Death March to the Parallel World Rhapsody Vol. 5 Review

Title: Death March to the Parallel World Rhapsody Vol. 5
Author: Aya Megumu (Art), Hiro Ainana (Story), Shri (Character Art)
Publisher: Yen Press
Language: English
Format: Paperback
Pages: 160
Genre: Shonen, Fantasy
Publication Date: October 30, 2018

The Story

Volume five of Death March to the Parallel World Rhapsody was probably the slowest volume in the series thus far but we did end up getting some world building out of it and a bit of a clue as to how Satou ended up in this world.

Satou ends up escaping the cradle and rescues all of the numbered girls in the process. He takes them and Mia back to Seiryuu City where Mia is reunited with everyone. The numbered girls refer to Satou as their new master now that Zen is dead. Satou reluctantly agrees to it but is immediately asked by the numbers if they can return Zen’s ring to his lover’s grave. Satou agrees to this but Number 7 decides to stay behind to act as their ambassador to which Satou gives her the name of Nana (which means seven in Japanese).

With everything in order, Satou decides that it’s time to embark onward on a new journey as he is asked to bring Mia back to her hometown so it’s off to the Labyrinth City Celivera… but not now. First, we much travel by horse-drawn buggy, do a bit of camping, some doll-making, and then some spell learning/training. This takes up the majority of the volume and ends up bringing the story to a screeching halt. At the end of this; however, we end up reading a myth about the world that explains how seven gods and the world trees came to the world. The demon god didn’t like these new visitors and went on a rampage. The demon god and the dragon god were already on the planet when the other seven arrived. The dragon god was the only one who helped the humans to fight against the demon god by bestowing the power to summon heroes.

While the explanation is pretty vague, it does round out the information we already know about the world. Satou was summoned by a person who has the dragon god’s power to summon heroes into this world. The mystery of who that is has yet to be revealed and I don’t believe it will be for a very long time.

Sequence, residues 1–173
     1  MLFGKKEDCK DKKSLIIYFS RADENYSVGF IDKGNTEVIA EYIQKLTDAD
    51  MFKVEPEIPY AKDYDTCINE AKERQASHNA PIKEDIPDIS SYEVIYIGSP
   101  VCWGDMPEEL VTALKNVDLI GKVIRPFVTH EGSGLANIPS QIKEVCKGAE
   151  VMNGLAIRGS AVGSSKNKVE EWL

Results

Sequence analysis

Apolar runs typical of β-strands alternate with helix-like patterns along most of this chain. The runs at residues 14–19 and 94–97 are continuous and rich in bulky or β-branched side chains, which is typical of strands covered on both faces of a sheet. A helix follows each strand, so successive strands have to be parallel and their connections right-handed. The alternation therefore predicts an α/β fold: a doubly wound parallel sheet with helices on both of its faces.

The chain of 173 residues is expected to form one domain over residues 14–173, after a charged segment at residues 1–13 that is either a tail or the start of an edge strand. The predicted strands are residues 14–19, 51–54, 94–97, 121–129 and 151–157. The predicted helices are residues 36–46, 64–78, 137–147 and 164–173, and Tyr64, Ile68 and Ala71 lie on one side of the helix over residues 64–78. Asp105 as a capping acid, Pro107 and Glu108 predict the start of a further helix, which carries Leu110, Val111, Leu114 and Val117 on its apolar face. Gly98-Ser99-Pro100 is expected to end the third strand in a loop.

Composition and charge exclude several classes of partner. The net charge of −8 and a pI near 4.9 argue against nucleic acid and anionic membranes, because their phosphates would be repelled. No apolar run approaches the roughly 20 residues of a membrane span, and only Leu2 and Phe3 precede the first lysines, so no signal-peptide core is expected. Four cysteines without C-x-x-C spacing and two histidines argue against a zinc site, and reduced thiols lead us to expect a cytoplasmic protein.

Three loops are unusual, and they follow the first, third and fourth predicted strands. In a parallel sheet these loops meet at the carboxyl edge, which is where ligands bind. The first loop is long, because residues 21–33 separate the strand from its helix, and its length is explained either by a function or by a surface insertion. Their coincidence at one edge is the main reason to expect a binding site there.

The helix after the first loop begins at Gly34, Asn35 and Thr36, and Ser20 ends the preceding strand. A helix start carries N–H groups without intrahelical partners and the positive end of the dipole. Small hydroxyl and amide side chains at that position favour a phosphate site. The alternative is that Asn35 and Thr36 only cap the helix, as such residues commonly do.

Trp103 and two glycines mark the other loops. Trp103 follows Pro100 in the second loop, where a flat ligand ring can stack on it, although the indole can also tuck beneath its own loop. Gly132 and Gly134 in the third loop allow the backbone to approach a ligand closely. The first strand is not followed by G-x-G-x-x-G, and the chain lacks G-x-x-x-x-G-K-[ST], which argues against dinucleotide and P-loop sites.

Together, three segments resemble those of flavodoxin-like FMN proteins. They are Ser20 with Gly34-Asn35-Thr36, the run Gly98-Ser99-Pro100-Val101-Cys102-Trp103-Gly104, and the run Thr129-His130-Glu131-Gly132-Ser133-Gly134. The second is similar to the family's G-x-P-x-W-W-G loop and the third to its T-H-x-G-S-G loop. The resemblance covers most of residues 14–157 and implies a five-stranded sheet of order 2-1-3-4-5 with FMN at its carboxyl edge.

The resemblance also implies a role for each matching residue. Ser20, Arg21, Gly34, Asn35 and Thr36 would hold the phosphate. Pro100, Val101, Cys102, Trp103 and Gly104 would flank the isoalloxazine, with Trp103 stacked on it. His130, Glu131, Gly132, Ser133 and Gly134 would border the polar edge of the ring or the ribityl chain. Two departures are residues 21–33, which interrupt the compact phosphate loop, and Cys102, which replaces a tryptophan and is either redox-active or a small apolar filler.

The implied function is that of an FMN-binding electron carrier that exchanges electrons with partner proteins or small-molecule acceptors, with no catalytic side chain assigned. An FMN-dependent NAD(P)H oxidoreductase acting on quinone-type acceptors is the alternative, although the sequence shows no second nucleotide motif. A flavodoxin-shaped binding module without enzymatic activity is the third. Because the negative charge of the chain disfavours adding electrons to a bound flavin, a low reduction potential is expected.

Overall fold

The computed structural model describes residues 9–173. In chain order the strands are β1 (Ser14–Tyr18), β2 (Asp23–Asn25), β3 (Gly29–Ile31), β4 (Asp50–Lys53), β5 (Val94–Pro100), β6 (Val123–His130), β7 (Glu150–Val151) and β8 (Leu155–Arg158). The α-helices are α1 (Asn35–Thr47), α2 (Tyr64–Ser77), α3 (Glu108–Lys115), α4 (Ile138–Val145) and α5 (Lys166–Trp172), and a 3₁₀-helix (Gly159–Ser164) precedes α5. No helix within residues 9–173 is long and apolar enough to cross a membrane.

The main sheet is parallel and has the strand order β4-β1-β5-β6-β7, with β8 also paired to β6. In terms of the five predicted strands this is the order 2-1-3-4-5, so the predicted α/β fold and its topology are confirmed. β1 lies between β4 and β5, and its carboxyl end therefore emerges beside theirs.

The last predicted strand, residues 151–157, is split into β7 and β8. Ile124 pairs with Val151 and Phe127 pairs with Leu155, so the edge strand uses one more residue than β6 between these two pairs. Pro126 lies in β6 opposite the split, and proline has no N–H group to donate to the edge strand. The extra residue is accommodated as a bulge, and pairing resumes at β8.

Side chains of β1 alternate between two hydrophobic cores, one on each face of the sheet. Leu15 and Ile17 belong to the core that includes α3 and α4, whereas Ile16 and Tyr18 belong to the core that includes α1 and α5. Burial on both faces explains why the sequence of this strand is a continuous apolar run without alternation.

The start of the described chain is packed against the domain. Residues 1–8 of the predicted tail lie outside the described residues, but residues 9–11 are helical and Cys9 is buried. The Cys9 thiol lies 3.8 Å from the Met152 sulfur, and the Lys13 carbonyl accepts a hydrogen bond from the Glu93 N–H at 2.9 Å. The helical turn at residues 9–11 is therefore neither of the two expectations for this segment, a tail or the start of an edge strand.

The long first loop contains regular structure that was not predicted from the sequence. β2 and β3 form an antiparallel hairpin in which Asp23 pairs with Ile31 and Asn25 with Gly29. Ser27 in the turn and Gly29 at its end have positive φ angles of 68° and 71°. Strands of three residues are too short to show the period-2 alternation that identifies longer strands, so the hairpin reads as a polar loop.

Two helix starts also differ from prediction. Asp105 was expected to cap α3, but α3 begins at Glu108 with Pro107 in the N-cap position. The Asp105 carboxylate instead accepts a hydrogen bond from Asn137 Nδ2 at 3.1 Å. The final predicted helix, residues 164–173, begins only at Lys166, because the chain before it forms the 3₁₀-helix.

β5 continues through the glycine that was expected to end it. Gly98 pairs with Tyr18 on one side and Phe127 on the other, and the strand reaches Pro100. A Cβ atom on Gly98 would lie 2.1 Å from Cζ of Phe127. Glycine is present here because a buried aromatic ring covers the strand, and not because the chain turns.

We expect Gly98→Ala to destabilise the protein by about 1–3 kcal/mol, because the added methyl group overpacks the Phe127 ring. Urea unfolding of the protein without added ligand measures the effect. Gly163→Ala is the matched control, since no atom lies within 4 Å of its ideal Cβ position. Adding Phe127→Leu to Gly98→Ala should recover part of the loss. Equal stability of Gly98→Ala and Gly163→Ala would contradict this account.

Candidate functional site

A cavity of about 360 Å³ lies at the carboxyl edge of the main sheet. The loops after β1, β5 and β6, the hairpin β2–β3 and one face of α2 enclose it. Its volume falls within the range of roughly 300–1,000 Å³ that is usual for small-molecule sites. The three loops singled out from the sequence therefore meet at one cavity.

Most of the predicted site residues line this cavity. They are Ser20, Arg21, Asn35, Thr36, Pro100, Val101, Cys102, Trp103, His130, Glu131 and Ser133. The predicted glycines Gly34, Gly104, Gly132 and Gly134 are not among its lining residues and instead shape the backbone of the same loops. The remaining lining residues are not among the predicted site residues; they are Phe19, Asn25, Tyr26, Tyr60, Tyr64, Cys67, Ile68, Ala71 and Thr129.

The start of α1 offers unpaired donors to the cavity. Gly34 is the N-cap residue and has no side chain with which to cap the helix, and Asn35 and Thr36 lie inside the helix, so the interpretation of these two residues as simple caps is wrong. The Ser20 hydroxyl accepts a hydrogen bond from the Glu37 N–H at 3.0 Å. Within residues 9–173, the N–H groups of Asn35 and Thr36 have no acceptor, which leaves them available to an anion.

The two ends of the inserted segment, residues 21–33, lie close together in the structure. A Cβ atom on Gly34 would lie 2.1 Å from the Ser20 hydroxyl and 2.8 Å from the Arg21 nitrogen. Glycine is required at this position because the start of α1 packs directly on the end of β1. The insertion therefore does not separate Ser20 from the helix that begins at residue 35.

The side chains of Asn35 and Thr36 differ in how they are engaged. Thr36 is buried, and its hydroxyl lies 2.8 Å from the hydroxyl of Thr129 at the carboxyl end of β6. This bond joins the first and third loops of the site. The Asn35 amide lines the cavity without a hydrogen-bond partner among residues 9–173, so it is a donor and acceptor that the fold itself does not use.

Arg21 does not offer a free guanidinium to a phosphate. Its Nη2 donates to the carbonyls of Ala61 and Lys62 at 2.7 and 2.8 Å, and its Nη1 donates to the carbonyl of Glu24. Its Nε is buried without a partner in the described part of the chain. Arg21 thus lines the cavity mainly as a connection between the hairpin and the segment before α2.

The volume ends when Satou takes a pit stop in the town of Kainona. Satou ends up purchasing five ratmen slaves for fifteen gold coins but when he brings them back to the wagon, something stirs them and it doesn’t look good!

I had praised this series for doing a really good job at world building but volume five seemed to do very little of that. It felt like filler more than anything and the myth tale which did accomplish some world building just felt like a slight extension to information we already knew. The action in the volume was kept to the very beginning where Satou escaped the cradle and stopped a tidal wave of salt from the cradle’s collapse. Outside of that, this was just a very slow, boring volume.

Characters

I can’t really think of any significant development for any of our characters outside of Nana as she tries to grow accustomed to things. Obviously, Nana isn’t used to interacting with the world as the only world she has known was the cradle. You can tell how she’s an adult but yet maintains the naivety of a child. It’s not her fault though but watching her experience things was a little heartwarming. The only downside to this is we’ve seen this before with almost every character that Satou has encountered so far. It makes you wonder how many more times they are going to take this approach.

Outside of that, there really wasn’t much to report on the development front.

Final Thoughts

I’m really hoping the pace picks up for volume six with some action or, at the very least, some more interesting world building. I am a sucker for lore so I was hoping we would get more than we did in this volume. After the action-packed arc at the cradle, I expected this volume to be a cooldown before the next big plot kicked in but I didn’t think it would slow down to a creeping halt.

Despite the slower pace, the volume was light-hearted and this kind of story typically works in more action-heavy series where it gives the people a chance to breathe and process everything that happened; however, Death March to the Parallel World Rhapsody is not one of those action-heavy series. While there is action in it, it’s used sparsely as the means to an end of a story arc. Overall, the series is rather docile so cooldown periods like this need be used more cautiously, otherwise what happened in this volume will be the result.

It’s fine to use a cooldown and this volume would have worked perfectly with a heavier series but in this series where the overall feeling is pretty lax, it didn’t really do it any favors. Don’t mince my words… I’m not saying this was a bad volume. At face value, it was a quaint volume that allowed you to get more attached to our cast of characters and that, in and of itself, was enjoyable. I just think they pumped the brakes a bit too hard here.

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This item was provided for review by Yen Press

About The Author

Josh Piedra

Josh (or J.J. as some have come to call him), is a long-time geek culture enthusiast with a deep passion for anime, manga and Japanese culture. Josh also has a Bachelor of Arts in Game Design and is a creative writer who has created original content for over 20 years! He is also the author of the original English light novel Final Hope.

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